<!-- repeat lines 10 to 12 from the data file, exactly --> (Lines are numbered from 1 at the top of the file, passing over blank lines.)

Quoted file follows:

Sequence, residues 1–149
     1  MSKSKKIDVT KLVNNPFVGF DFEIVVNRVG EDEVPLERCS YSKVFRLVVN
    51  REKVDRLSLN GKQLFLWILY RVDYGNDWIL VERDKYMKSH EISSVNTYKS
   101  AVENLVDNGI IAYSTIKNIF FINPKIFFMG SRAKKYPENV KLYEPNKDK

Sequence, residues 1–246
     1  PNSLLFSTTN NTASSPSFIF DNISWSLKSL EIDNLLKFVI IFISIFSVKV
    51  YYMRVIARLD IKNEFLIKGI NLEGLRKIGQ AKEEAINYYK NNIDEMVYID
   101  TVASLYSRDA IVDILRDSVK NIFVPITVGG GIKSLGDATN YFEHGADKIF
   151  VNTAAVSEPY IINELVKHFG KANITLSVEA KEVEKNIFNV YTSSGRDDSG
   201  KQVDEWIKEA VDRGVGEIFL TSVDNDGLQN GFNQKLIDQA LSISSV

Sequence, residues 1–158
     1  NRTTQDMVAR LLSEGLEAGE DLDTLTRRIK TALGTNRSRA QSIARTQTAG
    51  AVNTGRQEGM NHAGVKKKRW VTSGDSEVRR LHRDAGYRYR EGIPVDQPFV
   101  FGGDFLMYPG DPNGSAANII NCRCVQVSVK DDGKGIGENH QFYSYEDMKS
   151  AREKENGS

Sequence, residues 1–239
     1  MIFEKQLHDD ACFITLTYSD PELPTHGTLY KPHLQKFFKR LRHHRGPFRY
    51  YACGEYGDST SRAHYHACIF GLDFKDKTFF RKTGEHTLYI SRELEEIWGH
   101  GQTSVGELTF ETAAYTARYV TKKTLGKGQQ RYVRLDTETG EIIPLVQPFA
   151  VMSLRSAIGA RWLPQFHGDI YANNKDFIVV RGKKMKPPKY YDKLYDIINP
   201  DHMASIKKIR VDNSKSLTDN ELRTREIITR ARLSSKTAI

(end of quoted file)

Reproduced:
   201  KQVDEWIKEA VDRGVGEIFL TSVDNDGLQN GFNQKLIDQA LSISSV

Sequence, residues 1–158
     1  NRTTQDMVAR LLSEGLEAGE DLDTLTRRIK TALGTNRSRA QSIARTQTAG